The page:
What is Internet of Things (IoT)?
Connected devices, also referred to as the Internet of Things, is the ability of one device to “talk” to another device without needing human interaction. Using a combination of sensors and connectivity technology such as Bluetooth, WiFi, cellular networks and others, information regarding people and processes is shared and updated.
Combined with other capabilities such as data storage, analytics, visualisation tools and security, connected devices are impacting the way all industries, governments and consumers interact with the physical world.
Benefits of IoT
Chances are you use connected devices every day and may not even be conscious that it is an IoT device. For those that have grown up in the digital world, connectivity and the benefits it provides are often expected in our day to day activities. But as business usage of connected devices expands, organisations are seeing increased benefits including:
- Automated and efficient processes
- Access to live, updated data
- Better utilisation of human resources and increased productivity
- Enhanced asset utilisation
- Cost savings
- Innovation – new products and services
How Protiviti is helping clients with IoT
Protiviti is helping organisations take advantage of IoT capabilities to generate new business opportunities.
We can help you...
- Identify use cases and processes right for IoT capabilities
- Develop proof of concept to illustrate value of new use cases
- Implement IoT and develop custom cloud based solutions that integrate with IoT devices
- Assess and ensure the security of your existing IoT devices, applications and architecture
- Develop an IoT asset lifecycle management programme including standard development, device testing, asset management, monitoring, device management and resiliency planning
- Develop an IoT device risk and control management programme
- Leverage IoT data through data analytics to improve efficiency, create additional revenue opportunities, and generate savings
Examples of IoT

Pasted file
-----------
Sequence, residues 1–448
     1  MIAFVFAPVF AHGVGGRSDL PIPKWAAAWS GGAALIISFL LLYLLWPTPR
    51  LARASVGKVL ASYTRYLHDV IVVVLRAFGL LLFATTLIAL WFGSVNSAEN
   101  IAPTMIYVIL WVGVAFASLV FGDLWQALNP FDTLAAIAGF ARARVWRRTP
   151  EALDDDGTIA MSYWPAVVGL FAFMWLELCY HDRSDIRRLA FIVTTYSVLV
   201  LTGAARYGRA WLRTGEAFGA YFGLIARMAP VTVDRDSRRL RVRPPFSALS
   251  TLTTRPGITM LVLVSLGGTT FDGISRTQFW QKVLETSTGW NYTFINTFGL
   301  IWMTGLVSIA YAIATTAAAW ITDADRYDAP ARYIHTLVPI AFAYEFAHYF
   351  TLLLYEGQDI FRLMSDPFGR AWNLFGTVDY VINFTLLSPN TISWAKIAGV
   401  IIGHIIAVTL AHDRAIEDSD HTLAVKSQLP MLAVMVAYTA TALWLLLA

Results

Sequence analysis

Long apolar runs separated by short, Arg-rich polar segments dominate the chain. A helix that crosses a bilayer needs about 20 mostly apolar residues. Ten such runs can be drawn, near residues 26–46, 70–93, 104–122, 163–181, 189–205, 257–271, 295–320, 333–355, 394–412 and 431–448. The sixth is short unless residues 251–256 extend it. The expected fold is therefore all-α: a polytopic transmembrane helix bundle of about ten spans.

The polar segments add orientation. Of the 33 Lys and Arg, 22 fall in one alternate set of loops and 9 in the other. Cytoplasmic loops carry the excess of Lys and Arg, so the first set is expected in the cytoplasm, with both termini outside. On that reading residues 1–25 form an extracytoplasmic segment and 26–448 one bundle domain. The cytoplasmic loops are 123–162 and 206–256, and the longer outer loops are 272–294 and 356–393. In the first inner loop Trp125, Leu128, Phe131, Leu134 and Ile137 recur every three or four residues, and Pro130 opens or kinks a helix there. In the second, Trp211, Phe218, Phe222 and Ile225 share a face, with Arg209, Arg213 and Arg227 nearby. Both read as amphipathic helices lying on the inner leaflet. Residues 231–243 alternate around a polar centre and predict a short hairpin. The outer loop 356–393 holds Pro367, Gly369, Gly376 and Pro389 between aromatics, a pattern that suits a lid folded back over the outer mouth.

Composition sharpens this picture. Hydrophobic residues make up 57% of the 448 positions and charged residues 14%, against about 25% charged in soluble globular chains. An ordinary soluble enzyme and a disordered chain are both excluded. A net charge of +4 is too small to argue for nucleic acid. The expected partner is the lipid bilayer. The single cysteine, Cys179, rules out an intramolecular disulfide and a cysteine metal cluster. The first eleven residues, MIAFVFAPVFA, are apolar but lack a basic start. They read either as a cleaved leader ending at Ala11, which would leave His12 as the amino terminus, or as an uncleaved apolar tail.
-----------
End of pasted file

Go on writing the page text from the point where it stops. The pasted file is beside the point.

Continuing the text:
Devices such as smartphones, tablets and computers are obvious examples of IoT devices. And there are many more examples in the consumer world such as wearable fitness tracking devices, autonomous vehicles and smart cars that provide smart breaking.
But IoT is prevalent in business and in every industry. Here are a few examples:
Financial Service organisations
are using IoT data to track customer usage of ATMs and how they use debit and credit cards. Insurance organisations use connected devices to gather real time information on driving habits and activity.
are using IoT to connect doctors and nurses to real time patient information improving the quality of care and patient safety.
Logistics and Transportation
organisations use IoT to track assets as they move goods and supplies across the country, allowing them to better understand the performance of their fleet and schedule needed maintenance.
Energy and Utility
companies are receiving feeds of data regarding heating, cooling and electricity usage without ever physically reading a meter allowing them to identify and anticipate increased power needs and drive operational efficiency.
Real Estate and building management
firms are installing IoT lighting IoT devices to save energy and money and elevator control sensors to track and identify inspection and maintenance notifications.
All types of business companies are installing smart TVs and smart cameras that connect personnel in their global organisations to networks, intranets and data.
are leveraging IoT to identify users who are in their stores that are logged into the corporate website and serve up coupons to drive additional sales, identify when shelves are low on inventory and need to be restocked, drone deliveries, and the ability to scan a UPC code and pay for your purchases directly via a smartphone.
Challenges in implementing IoT
The IoT provides organisations exciting opportunities to innovate and gain competitive advantage and efficiencies. As organisations pursue digital transformation and implement IoT devices, risk management should be top of mind – but is often overlooked or not considered. We are seeing a significant increase in organisations, who:
- do not have an inventory of current assets being utilised in their organisation with IoT capabilities;
- do not have the capability to identify potential threats or monitor suspicious traffic on these devices;
- do not have a plan, nor the skills and ability to update IoT devices if a security vulnerability is identified;
- do not have controls in place to manage security and risks that IoT introduces to an organisation; and
- do not have a technology or business resiliency plan.
- integrate IoT with other technologies to take advantage of other capabilities including blockchain, artificial intelligences, machine learning, robotic process automation, cloud and enterprise data analytics.